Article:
On July 11th, Mary Lazare, Principal Deputy Administrator and Acting Commissioner on Disabilities at the Administration for Community Living (ACL) spoke at the Autism Society's 2018 Convention in Washington, D.C. During her keynote speech, Ms. Lazare expressed recognition for Intermediate Care Facilities for Individuals with Intellectual Disabilities (ICF/IID) as part of the full system of care. While no recording of the speech exists, third hand accounts of Ms. Lazare's comments have spread throughout social media. "Community Only" advocates were outraged, and have raised their voices demanding retraction of her comments and calling for her resignation.
The Department of Health and Human Services (HHS) recently published a draft of their Strategic Plan for FY 2018-2022. The plan fails to mention ICF's or to acknowledge the specific needs of people with I/DD.
VOR has submitted point-by-point comments to each of the goals and strategies outlined in the plan.
Right To Intermediate Care Facilities for Individuals with Intellectual Disabilities (ICFs/IID)
Individuals who qualify for Intermediate Care Facilities for Individuals with Intellectual Disabilities (ICFs/IID)* under Medicaid have a legal right to such facilities for as long as they remain eligible and choose to do so. Despite a deinstitutionalization effort by those opposed to congregate care, the ICF/IID program remains a legally enforceable federal entitlement under Medicaid. States which have included ICF/IID in their Medicaid State Plans, but instead offer only Waiver services, are in violation of federal Medicaid law.
VOR continues to support the rights of parents, family members, and concerned individuals as legal guardians of individuals with intellectual and developmental disabilities.
Joey's mother Susan tells the story of Joey's experiences in HCBS waiver settings and how the Jennings family managed to get him the care he needs at the White Haven State Center. (Joey's story was featured in the December, 2017 issue of EP - Execeptional Parent Magazine.)
By Jill Barker
My son Danny is forty years old this week. He has multiple disabilities resulting from brain damage acquired during his first few days after birth. He functions at the level of a 6 to 12 month old infant and always will. And, yes, I know he is not really an infant. We do not love him less because he lives and survives with profound developmental disabilities.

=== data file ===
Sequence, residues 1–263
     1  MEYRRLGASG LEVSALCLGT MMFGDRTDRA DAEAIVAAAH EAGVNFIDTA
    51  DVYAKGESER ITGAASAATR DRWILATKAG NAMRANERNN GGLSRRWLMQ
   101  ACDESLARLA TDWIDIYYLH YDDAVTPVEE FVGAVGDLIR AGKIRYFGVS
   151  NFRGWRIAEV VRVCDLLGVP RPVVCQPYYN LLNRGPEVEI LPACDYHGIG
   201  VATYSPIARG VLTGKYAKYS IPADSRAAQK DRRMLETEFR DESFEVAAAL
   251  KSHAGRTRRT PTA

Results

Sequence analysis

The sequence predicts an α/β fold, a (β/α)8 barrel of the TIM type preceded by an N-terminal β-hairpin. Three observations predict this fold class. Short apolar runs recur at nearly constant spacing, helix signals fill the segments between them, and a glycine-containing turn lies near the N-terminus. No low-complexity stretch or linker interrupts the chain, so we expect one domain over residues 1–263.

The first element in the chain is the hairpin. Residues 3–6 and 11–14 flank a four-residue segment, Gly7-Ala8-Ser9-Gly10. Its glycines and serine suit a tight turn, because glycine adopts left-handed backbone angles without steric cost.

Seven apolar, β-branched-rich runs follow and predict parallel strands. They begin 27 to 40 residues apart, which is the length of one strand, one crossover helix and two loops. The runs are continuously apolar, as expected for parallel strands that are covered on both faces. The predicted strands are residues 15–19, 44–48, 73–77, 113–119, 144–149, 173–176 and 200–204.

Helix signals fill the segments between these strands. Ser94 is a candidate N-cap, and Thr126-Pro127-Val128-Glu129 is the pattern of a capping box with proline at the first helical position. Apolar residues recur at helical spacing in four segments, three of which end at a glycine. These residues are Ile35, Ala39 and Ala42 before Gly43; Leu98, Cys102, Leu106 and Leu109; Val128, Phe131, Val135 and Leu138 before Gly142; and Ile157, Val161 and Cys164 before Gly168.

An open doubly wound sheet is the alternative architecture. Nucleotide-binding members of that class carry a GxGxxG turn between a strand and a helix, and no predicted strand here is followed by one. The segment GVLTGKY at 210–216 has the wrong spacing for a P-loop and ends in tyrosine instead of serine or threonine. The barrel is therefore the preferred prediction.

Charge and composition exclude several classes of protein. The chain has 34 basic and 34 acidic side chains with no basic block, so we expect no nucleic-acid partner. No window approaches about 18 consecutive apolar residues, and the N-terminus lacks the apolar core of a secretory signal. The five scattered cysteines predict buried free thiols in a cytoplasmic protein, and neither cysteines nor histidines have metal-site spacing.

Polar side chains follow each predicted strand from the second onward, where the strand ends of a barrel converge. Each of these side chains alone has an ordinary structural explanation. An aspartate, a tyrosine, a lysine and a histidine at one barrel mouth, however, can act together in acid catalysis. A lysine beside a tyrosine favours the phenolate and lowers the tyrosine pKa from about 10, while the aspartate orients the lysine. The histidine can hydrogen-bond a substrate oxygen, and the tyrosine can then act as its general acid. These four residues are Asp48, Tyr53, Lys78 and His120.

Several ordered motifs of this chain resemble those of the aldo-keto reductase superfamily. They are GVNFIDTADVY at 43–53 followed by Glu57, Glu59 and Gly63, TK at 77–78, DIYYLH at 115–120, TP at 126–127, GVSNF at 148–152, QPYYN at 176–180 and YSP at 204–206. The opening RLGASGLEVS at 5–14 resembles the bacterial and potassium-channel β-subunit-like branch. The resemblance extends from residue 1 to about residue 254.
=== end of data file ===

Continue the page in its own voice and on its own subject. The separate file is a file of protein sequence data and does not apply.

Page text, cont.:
I first heard the term Inclusion around 1990. Danny was 13 years old and attending High Point School in Ann Arbor. High Point was an outstanding program for Danny, bringing together services, expertise, and a supportive community to accommodate children with the most severe disabilities, including complex medical and behavioral conditions.
Inclusion, when applied to schooling for disabled children, is the belief that all children, regardless of the severity or nature of their disabilities, can and should be educated in regular classrooms with their non-disabled peers. Inclusion was promoted by many disability advocates as a “right” for every child. Most discussions of the idea did not include an examination of whether the premise on which the belief is based is true for every child or whether it is required by the federal Individuals with Disabilities Education Act (it is not). In the face of any disagreement with the idea, promoters of inclusion encouraged families to take sides: “Are you for ‘Inclusion’ or against it?” Or as many advocates would have it, “Do you want disabled children isolated and segregated from the rest of society or do you want them to be fully integrated into and embraced by ‘the community’”? This continues to this day.